Seppala was bothered that Balto received most of the acclaim. He felt that Togo’s magnificent run of 261 miles, compared to Balto’s fifty-three, made him the hero. However, the inexperienced Balto deserves plenty of credit for finding the way to Nome entirely on his own since a blinded Kaasen lost his bearings at Solomon. Balto went through snow drifts and avoided gaps in the broken ice of the Topkok River under whiteout conditions.

After the hue and cry died down, Balto and his teammates became part of a side show and lived in terrible conditions in California. Fortunately, George Kimble saw their atrocious conditions and publicized it. Children in Cleveland, Ohio raised enough money to buy the entire team. The dogs spent the rest of their lives in comfort at the Cleveland Metroparks Zoo. Balto now stands at the Cleveland Museum of Natural History. Togo stayed with Seppala and participated in many races and a breeding program. He is now at the Iditarod Trail Headquarters Museum in Wasilla, Alaska.

Two thirds of the 674 miles were covered by native mushers who have since largely been ignored. When asked why he volunteered, Edgar Nollner of Galena told the Associated Press in 1995, “I just wanted to help. That’s all.”


  1. What is the history of Diphtheria in America and other countries? National Vaccine Information Center (NVIC) https://www.nvic.org/disease-vaccine/diphtheria/history. Accessed January 27, 2024.
  2. Etymologia: Diphtheria. Emerging Infectious Diseases. 2013;19(11):1838. doi:10.3201/eid1911.et1911. Accessed January 28, 2024.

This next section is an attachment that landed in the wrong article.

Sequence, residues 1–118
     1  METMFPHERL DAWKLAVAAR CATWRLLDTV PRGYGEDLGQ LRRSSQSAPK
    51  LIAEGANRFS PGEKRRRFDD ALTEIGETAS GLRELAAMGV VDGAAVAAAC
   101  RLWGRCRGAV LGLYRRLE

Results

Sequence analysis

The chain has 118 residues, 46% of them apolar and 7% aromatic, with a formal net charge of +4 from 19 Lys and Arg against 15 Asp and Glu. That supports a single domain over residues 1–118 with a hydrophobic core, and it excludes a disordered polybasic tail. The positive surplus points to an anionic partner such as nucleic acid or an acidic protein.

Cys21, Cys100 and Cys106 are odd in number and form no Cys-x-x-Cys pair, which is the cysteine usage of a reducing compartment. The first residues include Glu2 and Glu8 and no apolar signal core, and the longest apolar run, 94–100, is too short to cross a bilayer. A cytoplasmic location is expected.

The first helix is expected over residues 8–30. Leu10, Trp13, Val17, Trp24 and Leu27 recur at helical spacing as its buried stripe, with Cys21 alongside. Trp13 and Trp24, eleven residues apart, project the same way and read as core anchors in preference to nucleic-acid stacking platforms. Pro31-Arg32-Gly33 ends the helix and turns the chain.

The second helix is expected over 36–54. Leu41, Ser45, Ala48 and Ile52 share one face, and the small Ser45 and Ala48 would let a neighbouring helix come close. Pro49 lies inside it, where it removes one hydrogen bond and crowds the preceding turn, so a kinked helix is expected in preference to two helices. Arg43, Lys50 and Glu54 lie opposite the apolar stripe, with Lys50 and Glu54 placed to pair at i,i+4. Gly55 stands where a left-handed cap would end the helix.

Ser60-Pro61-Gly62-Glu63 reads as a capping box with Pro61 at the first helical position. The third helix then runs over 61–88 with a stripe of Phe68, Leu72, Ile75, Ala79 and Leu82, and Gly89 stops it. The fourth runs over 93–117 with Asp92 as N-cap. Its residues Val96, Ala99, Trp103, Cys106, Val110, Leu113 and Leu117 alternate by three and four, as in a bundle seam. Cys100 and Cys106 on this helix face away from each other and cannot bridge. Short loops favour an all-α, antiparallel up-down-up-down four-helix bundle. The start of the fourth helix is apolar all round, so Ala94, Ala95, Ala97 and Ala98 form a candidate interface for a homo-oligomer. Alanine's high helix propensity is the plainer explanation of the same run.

3. Laval E. El garotillo [Difteria] en España [Siglos XVI y XVII] (2006). Revista chilena de infectología 23 (1): 78-80. http://dx.doi.org/10.4067/S0716-10182006000100012.
  4. Emil von Behring: The Founder of Serum Therapy. NobelPrize.org. Nobel Prize Outreach AB 2024. Accessed January 20, 2024. https://www.nobelprize.org/prizes/medicine/1901/behring/article/
  5. Kaufmann SHE (2017). Remembering Emil von Behring: from tetanus treatment to antibody cooperation with phagocytes. mBio 8:e00117-17. https://doi.org/10.1128/mBio.00117-17.
  6. Richter C, Emrich J (October 2021). Hero horses in the fight against disease. J Immunol. The American Association of Immunologists. https://www.aai.org/About/History/History-Articles-Keep-for-Hierarchy/Hero-Horses-in-the-Fight-Against-Disease. Accessed January 30, 2024.
  7. Parascandola J. (November–December 1995). The Public Health Service and the Control of Biologics. Public Health Reports. 110(6):774-5. PMC 1381822. PMID 8570833.
  8. Orth DJ (1967). Dictionary of Alaska Place Names. Government Printing Office. https://doi.org/10.3133/pp567.
  9. Houdek J. The Serum Run of 1925. University of Alaska Anchorage. http://www.litsite.org/index.cfm?section=Digital-Archives&page=Land-Sea-Air&cat=Dog-Mushing&viewpost=2&ContentId=2559. Accessed January 22, 2024.
  10. Salisbury G, Salisbury L (2003). The cruelest miles: The heroic story of dogs and men in a race against the epidemic. New York. W.W. Norton & Co. ISBN 0-393-01962-4.

JAYANT RADHAKRISHNAN, MB, BS, MS (Surg), FACS, FAAP, completed a Pediatric Urology Fellowship at the Massachusetts General Hospital, Boston, following a Surgery Residency and Fellowship in Pediatric Surgery at the Cook County Hospital. He returned to the County Hospital and worked as an attending pediatric surgeon and served as the Chief of Pediatric Urology. Later he worked at the University of Illinois, Chicago, from where he retired as Professor of Surgery & Urology, and the Chief of Pediatric Surgery & Pediatric Urology. He has been an Emeritus Professor of Surgery and Urology at the University of Illinois since 2000. 

Winter 2024